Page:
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Public-Private Partnerships; A Public Economics Perspective

  • Efraim Sadka

Public-private partnerships (PPPs) involve the supply by the private sector of infrastructure and services deriving from infrastructure assets which have traditionally been supplied by the public sector. PPPs are spreading all over the world. It may be quite plausible that such arrangements were initially an attempt to evade expenditure controls and hide public budget deficits. But if they are properly designed and transparently reported, PPPs can enhance the efficiency of the provision of services that were formerly supplied solely by the public sector. This paper provides a public economics perspective on PPPs.

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Paper provided by International Monetary Fund in its series IMF Working Papers with number 06/77.

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Length: 29
Date of creation: 01 Mar 2006
Date of revision:
Handle: RePEc:imf:imfwpa:06/77
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  1. Alberto Alesina & Roberto Perotti, 1993. "Income Distribution, Political Instability, and Investment," NBER Working Papers 4486, National Bureau of Economic Research, Inc.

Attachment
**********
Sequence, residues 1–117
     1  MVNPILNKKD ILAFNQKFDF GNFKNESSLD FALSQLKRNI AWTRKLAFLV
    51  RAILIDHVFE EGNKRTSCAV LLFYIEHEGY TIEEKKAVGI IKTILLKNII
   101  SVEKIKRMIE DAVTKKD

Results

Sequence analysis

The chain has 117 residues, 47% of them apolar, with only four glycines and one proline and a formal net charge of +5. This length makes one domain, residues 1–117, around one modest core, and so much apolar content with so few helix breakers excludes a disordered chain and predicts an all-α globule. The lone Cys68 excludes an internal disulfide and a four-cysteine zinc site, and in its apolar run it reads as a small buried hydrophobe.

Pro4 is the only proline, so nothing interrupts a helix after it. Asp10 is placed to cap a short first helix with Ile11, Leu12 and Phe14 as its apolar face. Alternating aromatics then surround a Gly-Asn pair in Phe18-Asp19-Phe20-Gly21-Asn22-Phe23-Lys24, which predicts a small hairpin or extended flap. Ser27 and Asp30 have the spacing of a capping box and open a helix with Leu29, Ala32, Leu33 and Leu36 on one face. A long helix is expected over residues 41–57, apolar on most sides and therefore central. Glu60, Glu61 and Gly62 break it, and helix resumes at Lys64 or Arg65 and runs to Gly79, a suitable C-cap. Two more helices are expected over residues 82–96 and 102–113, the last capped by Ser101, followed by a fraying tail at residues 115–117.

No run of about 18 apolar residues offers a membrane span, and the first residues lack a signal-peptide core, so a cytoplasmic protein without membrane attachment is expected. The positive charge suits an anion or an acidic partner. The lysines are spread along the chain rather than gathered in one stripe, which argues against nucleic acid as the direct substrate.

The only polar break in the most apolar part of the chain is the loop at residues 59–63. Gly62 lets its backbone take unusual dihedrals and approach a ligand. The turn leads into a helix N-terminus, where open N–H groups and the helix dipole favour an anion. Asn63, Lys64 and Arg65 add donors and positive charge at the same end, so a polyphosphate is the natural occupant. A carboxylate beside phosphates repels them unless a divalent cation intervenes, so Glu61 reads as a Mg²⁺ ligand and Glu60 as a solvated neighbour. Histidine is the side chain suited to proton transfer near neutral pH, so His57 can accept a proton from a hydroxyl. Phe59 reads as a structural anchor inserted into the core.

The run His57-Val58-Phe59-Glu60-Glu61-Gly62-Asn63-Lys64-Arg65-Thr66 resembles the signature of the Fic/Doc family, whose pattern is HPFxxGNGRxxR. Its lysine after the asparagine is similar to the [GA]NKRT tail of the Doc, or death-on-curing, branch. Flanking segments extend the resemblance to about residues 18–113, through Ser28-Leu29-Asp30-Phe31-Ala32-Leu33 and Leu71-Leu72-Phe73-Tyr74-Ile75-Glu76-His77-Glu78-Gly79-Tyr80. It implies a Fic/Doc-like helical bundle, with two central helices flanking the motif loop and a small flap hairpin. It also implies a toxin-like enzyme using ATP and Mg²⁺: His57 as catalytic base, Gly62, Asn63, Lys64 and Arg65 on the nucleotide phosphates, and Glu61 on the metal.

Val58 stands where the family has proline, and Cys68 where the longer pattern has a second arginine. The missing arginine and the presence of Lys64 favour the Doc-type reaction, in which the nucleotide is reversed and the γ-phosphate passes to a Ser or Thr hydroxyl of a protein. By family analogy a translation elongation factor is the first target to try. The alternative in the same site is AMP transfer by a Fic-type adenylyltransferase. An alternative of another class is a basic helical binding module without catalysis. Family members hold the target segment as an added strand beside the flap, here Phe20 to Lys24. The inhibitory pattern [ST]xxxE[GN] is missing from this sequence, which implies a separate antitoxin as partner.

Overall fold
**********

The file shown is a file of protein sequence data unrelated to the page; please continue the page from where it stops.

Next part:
2. Alberto Alesina & Roberto Perotti, 1995. "The Political Economy of Budget Deficits," IMF Staff Papers, Palgrave Macmillan, vol. 42(1), pages 1-31, March.
  3. Oakland, William H., 1972. "Congestion, public goods and welfare," Journal of Public Economics, Elsevier, vol. 1(3-4), pages 339-357, November.
  4. Oliver Hart, 2002. "Incomplete Contracts and Public Ownership: Remarks, and an Application to Public-Private Partnerships," The Centre for Market and Public Organisation 02/061, Department of Economics, University of Bristol, UK.
  5. Riess, Armin, 2005. "Is the PPP model applicable across sectors?," EIB Papers 6/2005, European Investment Bank, Economics Department.
  6. Grout, Paul A, 1997. "The Economics of the Private Finance Initiative," Oxford Review of Economic Policy, Oxford University Press, vol. 13(4), pages 53-66, Winter.
  7. Barro, Robert J, 1979. "On the Determination of the Public Debt," Journal of Political Economy, University of Chicago Press, vol. 87(5), pages 940-71, October.
  8. Kamps, Christophe, 2005. "Is there a lack of public capital in the European Union?," EIB Papers 3/2005, European Investment Bank, Economics Department.
  9. Romp, Ward & de Haan, Jakob, 2005. "Public capital and economic growth: a critical survey," EIB Papers 2/2005, European Investment Bank, Economics Department.
  10. Patrick Bajari & Steven Tadelis, 1999. "Incentives versus Transaction Costs: A Theory of Procurement Contracts," Working Papers 99029, Stanford University, Department of Economics.
  11. Otto A. Davis & Andrew B. Whinston, 1965. "Welfare Economics and the Theory of Second Best," Review of Economic Studies, Oxford University Press, vol. 32(1), pages 1-14.
  12. Peter A. Diamond & J. A. Mirrlees, 1968. "Optimal Taxation and Public Production," Working papers 22, Massachusetts Institute of Technology (MIT), Department of Economics.
  13. Vito Tanzi, 2005. "Building Regional Infrastructure in Latin America," IDB Publications (Working Papers) 9357, Inter-American Development Bank.
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